The 2019 iPhone may not have 5G, but Apple could instead adopt another cutting-edge wireless technology for its flagship smartphones. Although the next-generation iPhones are still several quarters away – and Apple remains at the center of controversy around whether its handsets are too expensive – rumors about the specifications of the 2019 iPhones have already begun.
Chatter earlier today circulated around the camera and display technology that would be used in this year’s new iPhones. The expectation is that Apple will stick with its current arrangement of two OLED iPhones – catering to the high-end of the market – and a single LCD phone. The latter will effectively replace the iPhone XR.
Meanwhile, there’s also talk that the largest, most expensive device – which will replace the iPhone XS Max – will add an extra camera to its rear. The three camera array will further distinguish it from the smaller OLED phone, which will replace the iPhone XS. That’s expected to have two camera sensors, while the iPhone XR replacement will stick with just one.
What we’re not expecting, though, is 5G. Apple is said to be waiting until 2020 at the earliest to embrace fifth-generation cellular networks, for a number of reasons. On the one hand, even by the end of 2019 the networks aren’t expected to have widespread 5G coverage; similarly, first-generation 5G modems are likely to be power-hungry.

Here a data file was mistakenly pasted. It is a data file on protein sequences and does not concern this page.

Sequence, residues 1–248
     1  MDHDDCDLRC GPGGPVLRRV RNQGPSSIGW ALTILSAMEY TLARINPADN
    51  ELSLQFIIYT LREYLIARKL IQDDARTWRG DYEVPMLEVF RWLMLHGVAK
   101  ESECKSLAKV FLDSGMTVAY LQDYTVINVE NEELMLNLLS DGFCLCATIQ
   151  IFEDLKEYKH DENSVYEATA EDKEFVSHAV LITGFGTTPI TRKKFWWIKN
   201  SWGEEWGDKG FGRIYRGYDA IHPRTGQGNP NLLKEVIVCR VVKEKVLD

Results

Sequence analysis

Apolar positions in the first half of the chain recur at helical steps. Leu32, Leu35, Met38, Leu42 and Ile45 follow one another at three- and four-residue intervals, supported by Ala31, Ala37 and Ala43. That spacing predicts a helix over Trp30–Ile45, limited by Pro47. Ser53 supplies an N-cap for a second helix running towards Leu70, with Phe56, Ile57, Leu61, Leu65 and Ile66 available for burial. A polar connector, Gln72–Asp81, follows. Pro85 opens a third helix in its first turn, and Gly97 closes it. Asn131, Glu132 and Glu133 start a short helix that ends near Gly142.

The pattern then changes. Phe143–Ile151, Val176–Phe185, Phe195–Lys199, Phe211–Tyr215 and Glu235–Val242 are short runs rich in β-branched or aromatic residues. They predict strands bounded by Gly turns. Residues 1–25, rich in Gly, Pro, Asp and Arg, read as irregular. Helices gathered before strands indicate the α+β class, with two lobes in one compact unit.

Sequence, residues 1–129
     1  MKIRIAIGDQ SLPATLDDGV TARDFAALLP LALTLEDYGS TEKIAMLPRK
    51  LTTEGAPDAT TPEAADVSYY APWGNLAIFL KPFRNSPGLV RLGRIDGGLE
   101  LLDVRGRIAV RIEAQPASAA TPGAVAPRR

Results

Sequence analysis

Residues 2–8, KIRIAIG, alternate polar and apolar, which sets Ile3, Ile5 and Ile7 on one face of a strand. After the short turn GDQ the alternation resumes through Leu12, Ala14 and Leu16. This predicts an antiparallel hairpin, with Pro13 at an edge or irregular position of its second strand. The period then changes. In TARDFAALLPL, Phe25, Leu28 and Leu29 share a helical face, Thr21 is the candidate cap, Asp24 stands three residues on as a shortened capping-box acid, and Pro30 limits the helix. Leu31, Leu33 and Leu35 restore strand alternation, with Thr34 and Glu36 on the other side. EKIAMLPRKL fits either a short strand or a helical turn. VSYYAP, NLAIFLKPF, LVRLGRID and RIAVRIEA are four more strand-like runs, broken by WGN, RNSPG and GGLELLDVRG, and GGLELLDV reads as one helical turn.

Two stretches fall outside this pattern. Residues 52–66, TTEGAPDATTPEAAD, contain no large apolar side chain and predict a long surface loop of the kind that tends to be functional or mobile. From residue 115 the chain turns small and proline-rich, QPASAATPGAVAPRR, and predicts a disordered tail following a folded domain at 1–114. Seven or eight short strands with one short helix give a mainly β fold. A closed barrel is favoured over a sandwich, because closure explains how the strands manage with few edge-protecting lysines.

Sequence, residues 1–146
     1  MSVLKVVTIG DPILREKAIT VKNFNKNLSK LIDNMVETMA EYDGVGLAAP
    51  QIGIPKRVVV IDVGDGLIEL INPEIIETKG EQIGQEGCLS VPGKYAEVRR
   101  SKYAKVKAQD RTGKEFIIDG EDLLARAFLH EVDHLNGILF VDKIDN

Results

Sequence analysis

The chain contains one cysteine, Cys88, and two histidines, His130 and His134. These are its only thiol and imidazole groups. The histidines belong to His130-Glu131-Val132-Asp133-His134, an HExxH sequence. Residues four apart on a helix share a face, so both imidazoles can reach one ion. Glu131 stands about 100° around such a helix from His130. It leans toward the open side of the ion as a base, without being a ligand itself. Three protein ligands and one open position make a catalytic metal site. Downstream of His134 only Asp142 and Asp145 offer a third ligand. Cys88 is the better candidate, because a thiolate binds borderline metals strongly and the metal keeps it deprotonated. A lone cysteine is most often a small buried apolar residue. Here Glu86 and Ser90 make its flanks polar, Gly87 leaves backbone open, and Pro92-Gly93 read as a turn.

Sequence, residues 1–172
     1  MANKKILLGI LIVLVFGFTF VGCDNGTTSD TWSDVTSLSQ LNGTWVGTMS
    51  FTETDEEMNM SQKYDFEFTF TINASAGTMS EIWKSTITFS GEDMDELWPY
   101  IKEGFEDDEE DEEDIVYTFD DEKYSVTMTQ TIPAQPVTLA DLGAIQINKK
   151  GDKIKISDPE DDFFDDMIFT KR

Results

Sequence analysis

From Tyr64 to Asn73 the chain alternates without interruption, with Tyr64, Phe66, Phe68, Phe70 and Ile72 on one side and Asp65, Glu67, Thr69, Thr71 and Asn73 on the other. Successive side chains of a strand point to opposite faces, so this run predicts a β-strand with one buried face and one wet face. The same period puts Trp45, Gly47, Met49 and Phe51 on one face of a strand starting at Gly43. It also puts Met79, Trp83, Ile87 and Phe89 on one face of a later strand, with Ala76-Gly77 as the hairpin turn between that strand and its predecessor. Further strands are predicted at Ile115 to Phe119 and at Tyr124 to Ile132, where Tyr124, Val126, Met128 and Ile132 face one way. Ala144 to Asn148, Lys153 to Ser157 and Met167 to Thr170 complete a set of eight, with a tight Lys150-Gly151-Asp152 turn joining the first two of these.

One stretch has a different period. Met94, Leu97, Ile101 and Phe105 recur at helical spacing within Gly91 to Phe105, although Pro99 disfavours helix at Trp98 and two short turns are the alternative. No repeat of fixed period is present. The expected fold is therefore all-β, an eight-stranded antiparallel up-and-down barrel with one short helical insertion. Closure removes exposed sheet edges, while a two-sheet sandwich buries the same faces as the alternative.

In addition, though, Apple is believed to be looking to Intel for its 5G modem supply, given its ongoing legal battles with Qualcomm. Reports in mid-November 2018 suggested Intel was pulling forward its 5G modem launch, but that it would still be targeting availability in time for a 2020 iPhone 5G release.
Before that, though, Apple may well adopt another bleeding-edge wireless standard. WiFi 6, the freshly-rebranded name for 802.11ax, will be on the list of 2019 iPhone specifications according to Barclays analyst Blaine Curtis, Mac Rumors reports.
Successor to 802.11ac – which will now be known as WiFi 5 after the WiFi Alliance announced its new nomenclature – WiFi 6 is obviously faster than earlier versions. However it also improves range, and allows larger numbers of devices to coexist wirelessly in the same area. High-resolution video is expected to benefit, along with IoT applications where power frugality is key.
Indeed you could argue that WiFi 6 will have a broader impact on iPhone connectivity experiences than 5G would, at least in the short- to medium-term. After all, while WiFi 6-enabled routers aren’t going to be commonplace in stores until later this year at the earliest, upgrading your home network to support 802.11ax will be a lot more practical than trying to do the same with 5G.
In the process, mind, it will draw attention to a lingering empty spot in Apple’s line-up. The company still hasn’t replaced the AirPort range, after discontinuing its routers in early 2018. While for the moment it seems content to leave third-party networking companies to fill that gap, perhaps with WiFi 6’s arrival the time will be ripe for an Apple-branded return to the category.